Buying Stocks Now May Be Less Risky Than You Think
â¿¿ OPTIMISTIC INVESTORS:
A new love of stocks could prove a powerful force pushing prices up. In fact, it can push them up even if earnings don't increase.
That's what happened in the five years through 1986. Earnings fell 2 percent, but the S&P 500 almost doubled as small investors who had soured on stocks throughout the 1970s returned to the market. The multiple â¿¿ shorthand for the price-earnings ratio â¿¿ rose from eight to nearly 17.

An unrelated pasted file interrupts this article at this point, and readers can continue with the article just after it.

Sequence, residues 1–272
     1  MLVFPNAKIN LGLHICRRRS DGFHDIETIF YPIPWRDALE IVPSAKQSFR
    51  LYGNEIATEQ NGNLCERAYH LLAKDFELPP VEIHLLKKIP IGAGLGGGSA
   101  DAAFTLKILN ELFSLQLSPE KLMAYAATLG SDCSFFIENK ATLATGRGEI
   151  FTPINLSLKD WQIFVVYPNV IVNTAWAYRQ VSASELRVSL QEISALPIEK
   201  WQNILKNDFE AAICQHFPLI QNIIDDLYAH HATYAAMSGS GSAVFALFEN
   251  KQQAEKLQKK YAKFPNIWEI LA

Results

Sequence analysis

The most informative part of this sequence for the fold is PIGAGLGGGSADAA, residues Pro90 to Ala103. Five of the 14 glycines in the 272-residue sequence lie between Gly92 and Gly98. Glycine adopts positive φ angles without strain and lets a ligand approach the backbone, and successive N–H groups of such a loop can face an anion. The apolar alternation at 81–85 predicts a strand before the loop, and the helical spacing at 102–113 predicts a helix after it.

Market watchers refer to this as "multiple expansion." Will it happen again?As stocks have surged over the past four years, individual investors have been selling, which is nearly unprecedented in a bull market. But they may be having second thoughts. In January, they put nearly $20 billion more into U.S. stock mutual funds than they took out, according to the Investment Company Institute, a trade group for funds. Some financial analysts say we are at the start of a "Great Rotation." That would mean investors shifting money into stocks from bonds. If that happens, stocks could soar. It's too soon to say if the buying will continue. Howard Silverblatt, senior index analyst at S&P Dow Jones, thinks investors are too worried about the future of the euro and government spending cuts to dive into stocks like they did in the 1990s. "We don't have a lot of confidence going forward so people are limiting what they're willing to wager," he says. â¿¿ LOW INTEREST RATES: Interest rates are near record lows. That's good for stocks because it lowers borrowing costs for companies and makes bonds, which compete with stocks for investor money, less appealing. If you want to kill a stock rally, then hike interest rates. That's what happened in the run-up to Black Monday, Oct. 19, 1987. In August that year, the yield on the 30-year Treasury bond rose above 10 percent. Investors thought, "If I could make 10 percent each year for 30 years in bonds, why keep my money in stocks?" So they sold and stocks drifted lower. Then Black Monday struck. The Dow plunged 508 points, or nearly 23 percent â¿¿ its largest fall in a single day.
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